There was a time when admitting a woman into law was not only “a departure from the order of nature, but even treason against it if their actions were voluntary”.
In 1914, Justice RPB Davies uttered these words when he referred to an appellate division judgment that refused to register Madeline Wookey for articles in the Cape Province. He saw in women’s destiny “only” the bearing and nurturing of children and the custody of the world.
A century later, with merit and gender transformation presumed to be mutually exclusive by some, one could be forgiven for thinking that in at least some parts of the legal practice this view still prevails.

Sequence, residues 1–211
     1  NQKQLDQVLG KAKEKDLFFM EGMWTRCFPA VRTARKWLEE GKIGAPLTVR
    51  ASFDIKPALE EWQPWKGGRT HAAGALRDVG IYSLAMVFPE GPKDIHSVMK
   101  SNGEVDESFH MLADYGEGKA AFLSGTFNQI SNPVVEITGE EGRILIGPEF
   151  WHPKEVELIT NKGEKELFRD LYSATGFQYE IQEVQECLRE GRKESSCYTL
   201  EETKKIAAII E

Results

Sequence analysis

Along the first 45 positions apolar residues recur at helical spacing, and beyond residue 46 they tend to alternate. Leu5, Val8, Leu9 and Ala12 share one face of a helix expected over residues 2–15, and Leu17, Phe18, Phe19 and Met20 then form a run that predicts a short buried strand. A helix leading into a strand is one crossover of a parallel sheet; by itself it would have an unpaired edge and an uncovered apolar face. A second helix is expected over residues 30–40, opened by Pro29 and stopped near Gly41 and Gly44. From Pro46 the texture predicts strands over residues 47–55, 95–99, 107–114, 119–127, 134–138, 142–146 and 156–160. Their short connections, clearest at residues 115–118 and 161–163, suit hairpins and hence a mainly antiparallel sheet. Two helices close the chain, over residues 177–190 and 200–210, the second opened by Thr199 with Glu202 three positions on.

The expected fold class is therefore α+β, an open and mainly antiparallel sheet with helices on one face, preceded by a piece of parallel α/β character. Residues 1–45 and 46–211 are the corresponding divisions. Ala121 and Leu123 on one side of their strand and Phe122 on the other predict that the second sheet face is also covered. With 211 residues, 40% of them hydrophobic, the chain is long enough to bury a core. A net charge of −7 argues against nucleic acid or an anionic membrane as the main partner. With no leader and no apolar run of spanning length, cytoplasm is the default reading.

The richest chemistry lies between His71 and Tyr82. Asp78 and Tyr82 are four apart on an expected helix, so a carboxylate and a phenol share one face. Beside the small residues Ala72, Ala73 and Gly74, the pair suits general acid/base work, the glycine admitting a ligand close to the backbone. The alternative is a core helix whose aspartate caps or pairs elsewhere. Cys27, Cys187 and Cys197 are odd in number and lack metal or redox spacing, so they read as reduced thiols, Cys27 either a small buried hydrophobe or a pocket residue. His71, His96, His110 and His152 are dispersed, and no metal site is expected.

A diverse bench not only strengthens the legitimacy of the courts but makes it richer by giving it a plurality of perspectives. One should also not forget the importance of symbolism, as 20 years into the democratic era our courts reflect immense progress in relation to race, but tarry on gender.
Read it at the M&G.
Image – M&G